Written by Dick Pryor on Wednesday July 20, 2011
Oklahoma has always been a big sports state, but now that Oklahoma City has a team in the National Basketball Association the issues affecting major professional sports teams has added relevance. Oklahomans have long loved their college and high school sports, but with the Oklahoma City Thunder now on the scene, we can truly call Oklahoma a pro sports state. So, with that in mind we gathered a group of sports reporters to talk about the impact of the recent lockout of NBA players by team owners in a labor dispute and the ongoing National Football League lockout.
Our guests were Berry Tramel, Sports Columnist for The Oklahoman and NewsOK.com and contributor to the Sports Animal Network; Mark Rodgers, host on the Sports Animal Network; Myron Patton, Sports Director of KOKH-TV and host on the KREF Radio Sports Network; and Royce Young, writer for CBSsports.com and the Daily Thunder blog.
The NBA lockout was expected for some time, and finally happened on June 30th, when the collective bargaining agreement (CBA) between the NBA players and league owners expired. There are numerous issues to be worked out, but the largest, of course, is money - specifically how the league's revenues are to be divided. The league claims that 22 of the 30 teams are losing money and that owners need to receive a bigger part of the revenue pie. Currently, teams operate under a formula that gives the players about 57% of the league revenues, with teams taking the remaining amount. There also is concern over revenue sharing among the teams and how television dollars should be allocated.
With the teams "locking out" the players, that means among other things that team websites have been scrubbed of references to players and their stats, players cannot be involved in team functions including summer practices, and player contracts cannot be negotiated or signed. As of this writing, the two sides haven't gotten together for formal negotiations, and players are starting to look outside the U.S. for employment. Just this week, Deron Williams of the New Jersey Nets signed to play with a team in Turkey; and superstars Dwight Howard of the Orlando Magic and Kevin Durant of Oklahoma City have suggested they might play in Europe to keep sharp until the lockout ends.
Besides the Thunder, there are many players with Oklahoma connections in the NBA. Among them are Blake Griffin of the Los Angeles Clippers, Ekpe Udoh of the Golden State Warriors, Etan Thomas of the Atlanta Hawks, Tony Allen of the Memphis Grizzlies, James Anderson of the San Antonio Spurs, and Daniel Orton of the Orlando Magic.
The effects of the lockout extend beyond the players. Already the Charlotte Bobcats and Minnesota Timberwolves had laid off front office staff to save money during the down time, and in a few weeks the pinch will start hitting the vendors, support personnel, businesses and others that depend on teams like the Thunder for income. Hardest hit will likely be those who rely on teams for some extra dollars in-season, such as concession workers. Oklahoma City is getting ready to find out what other cities have known for a long time - that professional sports teams have a big impact on their community's workforce and economy. Work stoppages also affect the fans who rely so much on pro sports teams for entertainment and a sense of community.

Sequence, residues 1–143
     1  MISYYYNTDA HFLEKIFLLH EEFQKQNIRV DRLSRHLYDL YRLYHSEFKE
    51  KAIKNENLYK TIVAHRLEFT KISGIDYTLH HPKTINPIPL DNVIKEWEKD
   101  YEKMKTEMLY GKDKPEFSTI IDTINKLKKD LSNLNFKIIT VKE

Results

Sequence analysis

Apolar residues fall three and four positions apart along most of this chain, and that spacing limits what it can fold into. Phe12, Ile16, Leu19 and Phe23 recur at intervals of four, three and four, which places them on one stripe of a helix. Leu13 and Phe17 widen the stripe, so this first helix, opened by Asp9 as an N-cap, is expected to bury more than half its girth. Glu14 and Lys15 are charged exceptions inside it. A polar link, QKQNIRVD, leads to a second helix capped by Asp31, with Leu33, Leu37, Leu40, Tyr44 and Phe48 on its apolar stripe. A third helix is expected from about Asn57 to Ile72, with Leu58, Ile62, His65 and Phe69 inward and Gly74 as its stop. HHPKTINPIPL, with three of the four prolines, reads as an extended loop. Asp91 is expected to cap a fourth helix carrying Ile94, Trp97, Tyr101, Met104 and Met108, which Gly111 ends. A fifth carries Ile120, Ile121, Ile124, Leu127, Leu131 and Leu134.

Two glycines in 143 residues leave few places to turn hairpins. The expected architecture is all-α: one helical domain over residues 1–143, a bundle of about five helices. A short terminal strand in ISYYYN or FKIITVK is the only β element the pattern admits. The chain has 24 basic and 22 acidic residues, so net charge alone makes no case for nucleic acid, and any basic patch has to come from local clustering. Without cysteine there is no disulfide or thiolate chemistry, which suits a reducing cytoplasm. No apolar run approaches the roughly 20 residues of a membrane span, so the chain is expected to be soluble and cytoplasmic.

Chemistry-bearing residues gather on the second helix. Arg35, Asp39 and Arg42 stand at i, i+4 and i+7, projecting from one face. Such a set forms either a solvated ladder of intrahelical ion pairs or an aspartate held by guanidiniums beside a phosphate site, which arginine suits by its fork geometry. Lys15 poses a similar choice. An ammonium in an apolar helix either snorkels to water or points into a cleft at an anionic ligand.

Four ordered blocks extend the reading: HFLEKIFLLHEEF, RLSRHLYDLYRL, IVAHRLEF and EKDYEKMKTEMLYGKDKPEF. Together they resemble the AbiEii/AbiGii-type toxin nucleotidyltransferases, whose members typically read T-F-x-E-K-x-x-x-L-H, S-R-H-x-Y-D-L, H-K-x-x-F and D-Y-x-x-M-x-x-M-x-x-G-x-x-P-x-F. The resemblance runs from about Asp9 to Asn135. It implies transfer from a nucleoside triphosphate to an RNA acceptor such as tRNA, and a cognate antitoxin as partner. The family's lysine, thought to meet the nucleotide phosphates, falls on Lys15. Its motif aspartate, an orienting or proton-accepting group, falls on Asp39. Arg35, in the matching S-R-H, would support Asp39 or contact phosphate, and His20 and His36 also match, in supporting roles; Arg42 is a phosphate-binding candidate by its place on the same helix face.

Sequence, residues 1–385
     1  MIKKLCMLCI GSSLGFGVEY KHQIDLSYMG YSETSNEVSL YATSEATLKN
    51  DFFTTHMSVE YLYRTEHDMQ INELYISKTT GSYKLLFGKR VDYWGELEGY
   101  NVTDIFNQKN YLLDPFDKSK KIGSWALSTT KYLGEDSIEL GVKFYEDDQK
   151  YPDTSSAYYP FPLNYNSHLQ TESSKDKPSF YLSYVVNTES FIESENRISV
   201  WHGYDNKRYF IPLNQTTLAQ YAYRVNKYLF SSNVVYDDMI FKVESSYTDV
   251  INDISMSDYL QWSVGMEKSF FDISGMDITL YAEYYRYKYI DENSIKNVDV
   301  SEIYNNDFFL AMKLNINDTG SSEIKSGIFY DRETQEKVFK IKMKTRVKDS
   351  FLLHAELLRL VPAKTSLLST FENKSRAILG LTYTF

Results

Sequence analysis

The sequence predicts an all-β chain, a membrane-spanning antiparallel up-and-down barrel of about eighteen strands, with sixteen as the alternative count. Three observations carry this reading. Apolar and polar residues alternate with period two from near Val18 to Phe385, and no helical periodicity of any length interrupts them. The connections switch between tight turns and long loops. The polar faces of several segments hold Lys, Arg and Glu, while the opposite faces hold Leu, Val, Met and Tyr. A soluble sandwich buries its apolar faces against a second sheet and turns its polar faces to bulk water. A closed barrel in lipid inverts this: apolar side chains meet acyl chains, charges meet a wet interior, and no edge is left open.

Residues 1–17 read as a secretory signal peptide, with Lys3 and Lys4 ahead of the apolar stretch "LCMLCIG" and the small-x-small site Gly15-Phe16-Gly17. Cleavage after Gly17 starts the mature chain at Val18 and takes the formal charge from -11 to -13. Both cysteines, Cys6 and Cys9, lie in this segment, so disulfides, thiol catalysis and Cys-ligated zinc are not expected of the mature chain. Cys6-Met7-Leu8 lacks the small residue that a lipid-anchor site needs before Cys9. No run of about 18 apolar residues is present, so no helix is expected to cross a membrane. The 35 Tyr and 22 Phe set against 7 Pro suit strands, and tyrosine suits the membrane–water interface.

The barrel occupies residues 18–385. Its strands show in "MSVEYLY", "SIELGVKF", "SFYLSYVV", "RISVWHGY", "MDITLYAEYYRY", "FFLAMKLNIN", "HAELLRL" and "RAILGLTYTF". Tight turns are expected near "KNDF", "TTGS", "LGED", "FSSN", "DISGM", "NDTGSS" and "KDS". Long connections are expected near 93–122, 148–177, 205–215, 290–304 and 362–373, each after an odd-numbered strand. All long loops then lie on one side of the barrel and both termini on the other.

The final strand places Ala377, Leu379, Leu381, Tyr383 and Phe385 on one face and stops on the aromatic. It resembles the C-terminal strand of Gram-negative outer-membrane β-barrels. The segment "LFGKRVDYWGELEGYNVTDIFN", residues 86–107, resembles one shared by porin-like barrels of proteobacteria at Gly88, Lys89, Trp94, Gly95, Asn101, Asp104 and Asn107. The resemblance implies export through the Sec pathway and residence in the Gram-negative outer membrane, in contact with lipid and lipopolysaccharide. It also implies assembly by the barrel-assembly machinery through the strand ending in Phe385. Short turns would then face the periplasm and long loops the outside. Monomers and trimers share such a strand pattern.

While the NBA lockout is just now starting, the National Football League lockout is heading into its 19th week. The issues are similar, but one of the major sticking points is the league's rookie salary structure. It's long been a problem for the teams and many veterans players who watch as untested rookies come into the league under multi-million dollar contracts. Former University of Oklahoma quarterback Sam Bradford is the latest high-grossing rookie (his contract was for more than $50 million guaranteed as the number one pick in the 2010 NFL draft) and will likely be the last number one pick to make such money. The NFL's over-riding issue is how to split up more than $9 billion in revenue. The NFL work stoppage is affecting numerous players and coaches with Oklahoma ties; the league has a large fan base in Oklahoma.
There has been recent movement in the NFL talks and signs are that the lockout will end in time to salvage the season, although some pre-season games may be in jeopardy. Such is not the case for the NBA. Many analysts expect the NBA lockout to linger until winter, which could lead to cancellation of the first half of the schedule. The last time the NBA had a player lockout, in 1999, the league shortened the schedule to only 50 games. The league has announced its 2011-12 schedule (with Oklahoma City at the Los Angeles Lakers in one of the marquee opening night games on November 1), but it comes with a big caveat: if the lockout ends.
Until next time,
(Pictured above, left to right: Host Dick Pryor, Berry Tramel, Mark Rodgers, Myron Patton and Royce Young.)
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